The sarees of each place in India in some way or the other bears the mark of its history, its people and its geographical location and Kerala is no exception. The first image that floats into our mind at the very thought of Kerala sarees is that of an off white saree with a broad striking golden border in real zari or tissue, that makes a simple yet stunningly bold statement. The swaying palms and the backwater , the Kathakali dancers, the sandy beaches, and the land of plenty filled with vibrant colors actually has a saree that is mostly plain white, cream and gold-which is all the more reason for it being so distinctive.
While the predominant colour in most sarees from Kerala remains white and off white, there have been huge innovations-perhaps a look at the traditional first and then the innovations make the journey of Kerala’s sarees a little more clearer.
The Kuthampally sarees are also a type of Kasavu saree that is popular as the most well known traditional wear of women from Kerala. This village having 600 families makes a living out of weaving the set sarees, mundus and Kasavu sarees, live barely 100 kms from the bustling city of Cochin. They have been weaving this fabric for centuries and have made slight innovations in their designs. The floral depiction on the pallu and the usage of red and gold marks the Kuthamapally as a distinctively different saree from what is generally made in the rest of the region. As you can see in the pictures below the usage of flowers and peacock happens to be some of the most popular traditional motifs used in Kuthampally sarees.
Perhaps one of the lesser identified sarees of the Malabar region which is perhaps one of the weaves that brings in more color than others is the silk woven solid border design sarees called Kasaragod Saree. Like in the case of the Kasavu, the Kasaragod uses dyed silk yarn and zari in its pallu designs. The body of the saree could have either checks or hand laced designs. There are in fact 25 colors used in Kasaragod sarees much in contrast to other handlooms from Kerala. In fact the weavers of this region had migrated from Mysore many years back and there are certain similarities in the saree worn in the two regions even till date.
Apart from sarees they also weave the famed Settu Mundu-the half saree like dress worn by women from Kerala for all their major ceremonies. The difference of course being that the mund is a dhoti like dress worn over a petticoat topped of course with a blouse and a drape that looks so much like a half saree. The saree woven here are pure cotton with a simple gold zari border and pallu with little or no embellishments. The weave is very light and at times quite coarse so as to aid its wearing in the highly humid climate. The Balaramapura weavers gained a lot of respect in society because they had been brought by the Maharaja of Travancore all the way from Tamilnadu to specially weave textiles for the royal family and hence the place of glory.
Settled by the patronage of the ministers to the royal family of Cochin , the Chendamangalam weavers too are a class who have survived the travesty of time and continue making replicas of the sarees and set mundu that they have been making for centuries. The only difference in their sarees being that they have less ornamentation as compared to the Kasavu from Balarampuram sarees and come with lighter colors on the border and sometimes even in the body. The textile too is coarse and heavier and has hardly any usage of kasavu or zari.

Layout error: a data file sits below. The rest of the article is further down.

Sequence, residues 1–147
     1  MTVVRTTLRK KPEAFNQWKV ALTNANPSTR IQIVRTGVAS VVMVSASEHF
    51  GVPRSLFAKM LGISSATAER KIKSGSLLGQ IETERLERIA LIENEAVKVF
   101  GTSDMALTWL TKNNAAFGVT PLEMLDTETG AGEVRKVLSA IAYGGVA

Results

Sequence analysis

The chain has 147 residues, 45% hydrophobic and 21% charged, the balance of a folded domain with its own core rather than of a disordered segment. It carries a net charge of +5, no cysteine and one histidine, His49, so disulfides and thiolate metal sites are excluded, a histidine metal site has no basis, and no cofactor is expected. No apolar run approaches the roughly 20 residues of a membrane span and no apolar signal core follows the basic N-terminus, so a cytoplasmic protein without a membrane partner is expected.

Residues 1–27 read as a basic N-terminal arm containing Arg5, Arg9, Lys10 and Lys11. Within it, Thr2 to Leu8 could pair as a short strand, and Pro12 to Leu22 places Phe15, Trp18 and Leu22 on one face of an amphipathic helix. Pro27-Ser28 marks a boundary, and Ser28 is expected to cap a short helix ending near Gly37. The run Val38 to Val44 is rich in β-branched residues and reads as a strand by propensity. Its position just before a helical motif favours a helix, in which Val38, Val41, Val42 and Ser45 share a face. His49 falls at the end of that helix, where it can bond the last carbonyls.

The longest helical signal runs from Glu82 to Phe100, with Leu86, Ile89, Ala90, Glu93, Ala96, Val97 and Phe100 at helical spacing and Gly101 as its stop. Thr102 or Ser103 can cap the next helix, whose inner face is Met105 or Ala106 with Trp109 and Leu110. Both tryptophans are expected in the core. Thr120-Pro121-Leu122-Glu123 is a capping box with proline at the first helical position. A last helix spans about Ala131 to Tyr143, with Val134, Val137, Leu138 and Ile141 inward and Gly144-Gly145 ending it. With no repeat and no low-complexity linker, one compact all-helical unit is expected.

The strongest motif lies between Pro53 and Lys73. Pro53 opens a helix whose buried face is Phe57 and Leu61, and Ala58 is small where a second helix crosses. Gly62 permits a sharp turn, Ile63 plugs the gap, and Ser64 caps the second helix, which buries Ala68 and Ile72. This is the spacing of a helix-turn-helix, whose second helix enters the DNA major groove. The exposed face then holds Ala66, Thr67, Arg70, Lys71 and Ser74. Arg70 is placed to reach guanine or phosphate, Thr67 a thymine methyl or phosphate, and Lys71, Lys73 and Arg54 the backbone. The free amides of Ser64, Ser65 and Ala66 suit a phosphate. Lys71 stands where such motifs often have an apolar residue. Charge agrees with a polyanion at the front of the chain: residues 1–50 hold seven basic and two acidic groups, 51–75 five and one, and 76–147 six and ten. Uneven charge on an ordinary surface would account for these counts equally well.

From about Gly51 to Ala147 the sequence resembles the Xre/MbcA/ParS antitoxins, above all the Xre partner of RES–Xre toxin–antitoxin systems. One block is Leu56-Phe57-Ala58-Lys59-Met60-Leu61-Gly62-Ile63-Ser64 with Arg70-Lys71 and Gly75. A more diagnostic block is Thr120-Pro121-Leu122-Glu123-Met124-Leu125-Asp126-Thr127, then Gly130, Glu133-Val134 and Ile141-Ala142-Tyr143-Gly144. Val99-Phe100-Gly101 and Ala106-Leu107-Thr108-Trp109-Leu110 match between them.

In the recent times there has been an urgent and growing need seen amongst the young designers who are wanting to retain the tradition of Kasavu along with subtle changes that are not completely deviated from their original patterns and motifs seen in Kerala sarees- and thus emerged the Hand painted Kerala sarees.
While the usage of silk and heavier zari too has been an innovation, there has been an eager usage of brightly colored paintings on the border and the pallu of sarees. Seen below is one such modern rendition in which nature related art has been incorporated into the saree. The base color remains the same and the vibrant usage of colors all along the saree allows one to wear it with not just gold jewelry and golden colored blouse, but also other colors and other formats.
However if there has been an art form that has managed to amalgamate itself in the true meaning of the world with Kerala kasavu , it has been the paintings of murals on sarees. From religious themes to those of nature, each has been explored to the fullest making them one of the most sought after sarees coming from the local artist fo the state. In fcat mots of the murals painted belong to the centuries old mural art seen in the temples of Kerala. The depiction of Vishnu, Krishna, Ganesha are the most popular as are the lotus motifs and the Krishna Radha paintings.
Below you can see the gorgeous Kathakali mask and the vibrancy it lends to the saree in the backdrop of off white and gold.
The Ganesha motif has also been exploited to the fullest and today makes its inroads into print, embroidery as well and paintings done on Kerala cottons.
The depiction of everyday life on these sarees, like the famous boat races has inspired the saree shown here. The pallu is alive with the swirling water of the lagoons as the snake boat race makes its way down the waterway.
Ultimately, it is in the simplicity of the Kerala sarees wherein lies its beauty which is why apart from some amount of experimentation like this half and half saree in off white attached to gold and black checks in brocade, there is very little that is done to tamper with its ethereal beauty. Its ultimately in its simple beauty wherein lies the charisma of the Kerala sarees, and every effort should be made to keep this tradition alive.
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